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Rocket Cinema Touches Down At Hip Pocket 13

Rocket Cinema, launched in Austin, has landed at Hip Pocket Theatre in West Fort Worth. Rocket Cinema is a mobile complete drive-in experience available to rent.

Rocket Cinema. 7: 30 p.m. Oct. 2-3. 1950 Silver Creek Rd, Fort Worth, 76108Details.

It’s owned and operated by composer and musician Justin Sherburn. Sherburn is taking his COVID break away from his group Montopolis and their multi-media shows to operate Rocket Cinema.

Need a drive-in for your socially-distance event? Rocket Cinema brings everything the film, the PA system and radio transmitter for audio, a high-end projector, and a big screen – a really big screen, 40 feet wide and 26-feet tall. Plus a generator to run it all.

Photo by Rocket Cinema.

Due to COVID-19, Hip Pocket Theatre has been shuttered and forced to cancel their entire 44th season. But this Friday and Saturday the parking lot at Hip Pocket Theatre will be open to host two Rocket Cinema screenings and all ticket proceeds go to Hip Pocket.

Fort Worth native Sherburn has ties with the Simons family who operate Hip Pocket Theatre.

“They’re old friends of mine and I’m happy to support this event on their beautiful piece of property out in West of Fort Worth,” said Sherburn.

Sherburn selected the two silent film classics for the weekend event he feels are a good fit for Hip Pocket.

“Silent films are naturally more performative. You know, because you can’t rely on dialogue. I thought of actually Lake Simons’ work. You know, Diane Simons, who started Hip Pocket, her daughter is primarily a physical actor and mime. And that’s really what made me think of these films. Because Buster Keaton and Charlie Chaplin are both physical actors, not just mimes . . .  and so I thought it really dovetailed nicely with Hip Pocket’s aesthetic.”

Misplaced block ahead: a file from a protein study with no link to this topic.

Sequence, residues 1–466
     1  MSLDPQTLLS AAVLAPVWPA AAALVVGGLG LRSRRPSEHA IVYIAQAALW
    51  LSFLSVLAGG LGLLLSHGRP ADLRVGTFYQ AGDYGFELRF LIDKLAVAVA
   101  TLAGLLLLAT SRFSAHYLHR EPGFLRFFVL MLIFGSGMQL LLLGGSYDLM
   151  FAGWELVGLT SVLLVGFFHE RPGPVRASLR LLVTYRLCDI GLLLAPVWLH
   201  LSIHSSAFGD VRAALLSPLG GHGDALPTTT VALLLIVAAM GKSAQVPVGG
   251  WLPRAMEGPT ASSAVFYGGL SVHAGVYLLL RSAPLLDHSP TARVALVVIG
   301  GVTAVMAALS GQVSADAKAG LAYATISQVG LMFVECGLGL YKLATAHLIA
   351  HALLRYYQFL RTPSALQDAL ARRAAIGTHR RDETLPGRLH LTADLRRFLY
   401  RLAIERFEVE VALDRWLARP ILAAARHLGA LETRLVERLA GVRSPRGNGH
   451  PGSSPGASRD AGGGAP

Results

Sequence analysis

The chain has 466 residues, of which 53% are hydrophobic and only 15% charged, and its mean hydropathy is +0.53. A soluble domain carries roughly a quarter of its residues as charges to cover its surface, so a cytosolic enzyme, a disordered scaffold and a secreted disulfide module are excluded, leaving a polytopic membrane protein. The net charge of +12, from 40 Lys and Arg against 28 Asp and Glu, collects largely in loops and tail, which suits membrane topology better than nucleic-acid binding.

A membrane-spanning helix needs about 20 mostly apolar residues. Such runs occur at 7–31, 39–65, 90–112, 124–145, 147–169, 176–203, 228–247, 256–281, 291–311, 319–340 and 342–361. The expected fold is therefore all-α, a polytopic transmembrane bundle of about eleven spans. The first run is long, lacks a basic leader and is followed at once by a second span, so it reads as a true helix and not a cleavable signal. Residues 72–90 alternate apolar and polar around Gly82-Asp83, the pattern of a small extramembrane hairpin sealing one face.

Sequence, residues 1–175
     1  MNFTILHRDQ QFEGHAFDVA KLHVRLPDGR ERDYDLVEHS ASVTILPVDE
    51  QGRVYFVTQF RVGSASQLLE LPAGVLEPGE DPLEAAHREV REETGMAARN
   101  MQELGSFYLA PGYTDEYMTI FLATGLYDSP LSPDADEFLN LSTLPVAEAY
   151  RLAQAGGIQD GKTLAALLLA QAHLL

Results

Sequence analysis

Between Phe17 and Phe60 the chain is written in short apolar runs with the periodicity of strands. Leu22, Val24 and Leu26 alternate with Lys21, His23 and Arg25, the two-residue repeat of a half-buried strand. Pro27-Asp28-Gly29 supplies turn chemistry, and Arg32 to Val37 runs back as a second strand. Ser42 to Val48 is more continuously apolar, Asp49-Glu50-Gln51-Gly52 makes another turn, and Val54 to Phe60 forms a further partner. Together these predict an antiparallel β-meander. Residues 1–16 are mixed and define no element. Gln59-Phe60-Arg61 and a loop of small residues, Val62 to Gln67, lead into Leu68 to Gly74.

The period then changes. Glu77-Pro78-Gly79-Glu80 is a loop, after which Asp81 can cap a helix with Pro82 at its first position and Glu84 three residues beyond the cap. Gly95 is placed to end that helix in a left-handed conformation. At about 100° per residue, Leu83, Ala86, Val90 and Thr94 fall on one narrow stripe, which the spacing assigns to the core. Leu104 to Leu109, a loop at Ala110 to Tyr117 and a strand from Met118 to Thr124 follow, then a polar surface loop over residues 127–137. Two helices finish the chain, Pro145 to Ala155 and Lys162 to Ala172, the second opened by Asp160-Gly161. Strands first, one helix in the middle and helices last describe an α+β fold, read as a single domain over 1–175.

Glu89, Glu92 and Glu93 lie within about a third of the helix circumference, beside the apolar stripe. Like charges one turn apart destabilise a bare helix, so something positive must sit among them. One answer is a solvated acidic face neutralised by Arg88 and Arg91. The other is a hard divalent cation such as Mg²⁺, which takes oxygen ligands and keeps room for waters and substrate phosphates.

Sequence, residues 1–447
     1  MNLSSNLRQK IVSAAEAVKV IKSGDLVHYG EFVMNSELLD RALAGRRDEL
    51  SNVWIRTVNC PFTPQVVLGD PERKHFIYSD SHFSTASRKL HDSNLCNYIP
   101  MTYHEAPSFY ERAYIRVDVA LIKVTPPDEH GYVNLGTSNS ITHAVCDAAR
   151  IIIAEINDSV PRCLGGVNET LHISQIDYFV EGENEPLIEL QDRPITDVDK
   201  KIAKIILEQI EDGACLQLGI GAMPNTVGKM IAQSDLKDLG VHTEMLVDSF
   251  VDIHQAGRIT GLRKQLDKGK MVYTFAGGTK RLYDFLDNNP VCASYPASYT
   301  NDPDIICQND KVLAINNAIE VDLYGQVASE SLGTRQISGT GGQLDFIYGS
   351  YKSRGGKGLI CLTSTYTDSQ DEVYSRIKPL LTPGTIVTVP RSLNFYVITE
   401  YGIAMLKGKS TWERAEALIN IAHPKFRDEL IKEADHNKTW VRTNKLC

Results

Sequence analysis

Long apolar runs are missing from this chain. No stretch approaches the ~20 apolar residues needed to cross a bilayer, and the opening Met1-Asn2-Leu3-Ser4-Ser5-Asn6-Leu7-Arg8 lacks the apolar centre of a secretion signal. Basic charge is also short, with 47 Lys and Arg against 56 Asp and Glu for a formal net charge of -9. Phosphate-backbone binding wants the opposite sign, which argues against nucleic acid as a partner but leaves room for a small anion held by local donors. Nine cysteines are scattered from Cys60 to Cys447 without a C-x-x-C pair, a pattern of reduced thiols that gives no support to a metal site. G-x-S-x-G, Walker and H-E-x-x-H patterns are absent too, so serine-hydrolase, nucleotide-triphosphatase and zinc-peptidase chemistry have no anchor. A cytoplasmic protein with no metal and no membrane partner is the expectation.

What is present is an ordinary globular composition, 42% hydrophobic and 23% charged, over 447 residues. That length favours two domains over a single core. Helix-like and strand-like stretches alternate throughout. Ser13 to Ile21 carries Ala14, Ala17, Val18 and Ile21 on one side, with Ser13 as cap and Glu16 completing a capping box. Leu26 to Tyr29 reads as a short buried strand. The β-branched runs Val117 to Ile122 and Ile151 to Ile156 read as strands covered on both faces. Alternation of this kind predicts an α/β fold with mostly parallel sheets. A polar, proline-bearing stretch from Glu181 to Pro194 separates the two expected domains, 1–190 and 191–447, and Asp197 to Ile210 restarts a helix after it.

The films Sherburn will show aren’t the grainy, low-fidelity kind you usually think of when seeing a silent movie. According to Sherburn the remastering process with today’s technology creates surprisingly clear and beautiful images.

“It’s a really visually stunning experience seeing these old movies nowadays.”

Charlie Chaplin in “Modern Times.” 1936.

On Friday night, October 2, they will screen Charlie Chaplin’s masterpiece “Modern Times” (1936) often called the last great silent movie.

Buster Keaton in “The General.” 1926.

On Saturday, October 3, they will show Buster Keaton in the action-adventure “The General” (1926). It’s generally considered the highlight of Keaton’s career, showcasing his dexterity and prowess as a stunt man.

Tickets are $20 per car and should be reserved in advance since spaces are limited. Be sure to bring your snacks and beverages since Hip Pocket’s concession stand will be closed.

Follow Hip Pocket Theatre on Facebook, Twitter, and Instagram.

Got a tip? Email Gila Espinoza at You can follow her on Twitter @espinoza_kera.

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